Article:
Pope Francis has made waves from the Holy See since being elected to the Catholic Church's top job. As the first Latin American to hold the prestigious position, the Argentine pontiff's outlook is no doubt more international than any of his predecessors, but he is proving just as keen to leave his mark on the Catholic Church in the developed world.
While increasing secularism and disenchantment with the thousand-year-old institution are turning younger generations from the Church in Europe, Francis seems concerned that American Catholicism's most dire problem is its "narrow and alienating" focus on a number of hot-button political issues such as abortion.
Addressing American bishops on Monday at the first national meeting since the new Pope was elected, Carlo Maria Vigano, the Vatican's U.S. ambassador, told bishops they should not "follow a particular ideology" and focus on making the Church more welcoming. Relaying information from a recent audience with the Pope, Vigano reiterated that, "The Holy Father wants bishops in tune with their people ... pastoral bishops, not bishops who profess or follow a particular ideology."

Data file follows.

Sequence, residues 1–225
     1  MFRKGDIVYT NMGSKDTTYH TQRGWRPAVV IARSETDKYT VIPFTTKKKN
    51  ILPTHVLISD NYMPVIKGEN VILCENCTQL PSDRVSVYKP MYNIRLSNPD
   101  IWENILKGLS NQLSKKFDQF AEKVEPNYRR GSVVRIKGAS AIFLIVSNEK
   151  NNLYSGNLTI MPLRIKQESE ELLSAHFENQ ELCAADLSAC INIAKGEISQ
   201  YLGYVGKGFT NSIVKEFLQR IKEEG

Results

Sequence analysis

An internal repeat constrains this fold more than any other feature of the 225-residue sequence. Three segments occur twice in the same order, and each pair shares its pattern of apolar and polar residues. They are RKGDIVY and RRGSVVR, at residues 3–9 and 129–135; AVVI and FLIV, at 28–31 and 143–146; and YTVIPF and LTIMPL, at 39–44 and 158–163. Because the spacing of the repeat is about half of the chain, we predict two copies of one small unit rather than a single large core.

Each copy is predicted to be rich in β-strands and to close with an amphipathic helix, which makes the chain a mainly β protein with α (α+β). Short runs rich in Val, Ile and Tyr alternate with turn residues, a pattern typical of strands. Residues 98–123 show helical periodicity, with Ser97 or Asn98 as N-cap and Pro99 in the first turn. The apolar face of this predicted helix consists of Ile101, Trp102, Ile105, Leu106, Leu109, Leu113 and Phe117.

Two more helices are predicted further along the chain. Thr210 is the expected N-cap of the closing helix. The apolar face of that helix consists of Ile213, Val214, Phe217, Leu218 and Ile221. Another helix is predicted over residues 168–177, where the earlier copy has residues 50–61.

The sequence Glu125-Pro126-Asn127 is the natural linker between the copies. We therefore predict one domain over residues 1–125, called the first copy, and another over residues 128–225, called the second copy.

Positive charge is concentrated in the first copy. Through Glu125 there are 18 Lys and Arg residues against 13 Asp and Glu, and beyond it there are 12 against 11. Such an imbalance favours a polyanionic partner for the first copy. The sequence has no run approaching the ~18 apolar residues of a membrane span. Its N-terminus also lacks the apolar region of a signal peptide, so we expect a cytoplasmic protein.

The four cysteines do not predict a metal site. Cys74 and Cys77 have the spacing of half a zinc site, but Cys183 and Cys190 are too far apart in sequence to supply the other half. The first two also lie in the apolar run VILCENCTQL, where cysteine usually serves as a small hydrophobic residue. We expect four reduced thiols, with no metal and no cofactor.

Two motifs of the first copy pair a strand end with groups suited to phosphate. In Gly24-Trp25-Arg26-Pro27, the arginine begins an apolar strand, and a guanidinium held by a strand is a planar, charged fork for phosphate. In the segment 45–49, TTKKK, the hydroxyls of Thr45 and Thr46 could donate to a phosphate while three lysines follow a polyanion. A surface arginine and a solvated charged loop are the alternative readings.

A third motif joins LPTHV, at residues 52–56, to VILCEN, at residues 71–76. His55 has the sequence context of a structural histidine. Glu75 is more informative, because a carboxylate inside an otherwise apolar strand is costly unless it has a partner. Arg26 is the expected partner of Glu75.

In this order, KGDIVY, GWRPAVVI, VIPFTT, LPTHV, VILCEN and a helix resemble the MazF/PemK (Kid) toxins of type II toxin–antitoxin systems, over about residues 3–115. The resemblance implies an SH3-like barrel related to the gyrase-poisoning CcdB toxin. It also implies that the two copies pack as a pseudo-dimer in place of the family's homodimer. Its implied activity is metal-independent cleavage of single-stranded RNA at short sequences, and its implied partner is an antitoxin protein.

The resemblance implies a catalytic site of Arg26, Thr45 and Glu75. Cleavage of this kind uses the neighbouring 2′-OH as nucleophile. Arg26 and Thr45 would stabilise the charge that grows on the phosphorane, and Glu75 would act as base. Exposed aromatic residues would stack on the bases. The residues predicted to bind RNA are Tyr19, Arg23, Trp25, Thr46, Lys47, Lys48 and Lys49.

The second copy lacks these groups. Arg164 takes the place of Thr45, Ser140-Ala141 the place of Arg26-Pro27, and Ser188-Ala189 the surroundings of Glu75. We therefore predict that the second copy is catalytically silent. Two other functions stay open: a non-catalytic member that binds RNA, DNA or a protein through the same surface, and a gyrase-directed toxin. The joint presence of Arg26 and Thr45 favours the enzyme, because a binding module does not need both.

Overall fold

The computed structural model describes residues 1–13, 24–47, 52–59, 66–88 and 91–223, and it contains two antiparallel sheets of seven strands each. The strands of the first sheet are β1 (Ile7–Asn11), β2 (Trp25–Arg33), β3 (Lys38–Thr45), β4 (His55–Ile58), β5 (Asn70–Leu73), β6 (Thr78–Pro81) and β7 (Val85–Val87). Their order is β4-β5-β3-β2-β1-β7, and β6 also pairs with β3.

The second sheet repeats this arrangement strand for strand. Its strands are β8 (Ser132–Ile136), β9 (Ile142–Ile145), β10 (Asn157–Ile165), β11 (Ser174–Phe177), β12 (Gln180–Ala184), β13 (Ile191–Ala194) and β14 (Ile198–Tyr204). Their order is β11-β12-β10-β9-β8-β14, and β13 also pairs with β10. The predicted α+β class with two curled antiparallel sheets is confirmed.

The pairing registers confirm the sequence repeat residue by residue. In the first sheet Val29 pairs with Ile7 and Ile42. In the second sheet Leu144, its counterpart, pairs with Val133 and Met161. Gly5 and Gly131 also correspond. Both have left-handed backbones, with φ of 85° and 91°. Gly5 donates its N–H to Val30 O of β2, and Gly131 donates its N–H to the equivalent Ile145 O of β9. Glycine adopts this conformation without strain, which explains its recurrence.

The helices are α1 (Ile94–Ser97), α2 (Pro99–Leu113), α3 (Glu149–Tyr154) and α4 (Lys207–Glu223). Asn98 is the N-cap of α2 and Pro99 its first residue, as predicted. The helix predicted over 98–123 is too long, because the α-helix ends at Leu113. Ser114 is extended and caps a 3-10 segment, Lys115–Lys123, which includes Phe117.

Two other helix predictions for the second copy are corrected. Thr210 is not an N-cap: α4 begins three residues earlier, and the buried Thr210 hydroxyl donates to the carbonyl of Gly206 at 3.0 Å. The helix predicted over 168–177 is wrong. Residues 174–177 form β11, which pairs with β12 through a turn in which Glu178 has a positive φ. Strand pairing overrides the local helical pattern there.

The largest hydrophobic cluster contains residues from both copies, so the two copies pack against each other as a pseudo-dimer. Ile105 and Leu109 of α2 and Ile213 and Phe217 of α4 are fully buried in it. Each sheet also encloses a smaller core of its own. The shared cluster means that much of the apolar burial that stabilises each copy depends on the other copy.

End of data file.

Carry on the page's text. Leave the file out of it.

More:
The remarks coincide with the end of New York Bishop Timothy Dolan's three-year term as conference president. Dolan's peers will chose his influential successor on Tuesday at their meeting in Baltimore from a slate of 10 nominated bishops. The Church is also currently mired in a drawn-out battle with the Obama administration over a requirement that employers provide health insurance that includes contraceptive coverage.
With the tone shifting at the Vatican, today's elections will be telling of whether American bishops are ready to change with their Pope. According to Rocco Palmo, editor of Whispers in the Loggia, "The presidency is a significant position, and Dolan's term shows how significant it can be." In addition to choosing the conference president, bishops will also be selecting leaders for various conference committees that play an important role in formulating policy.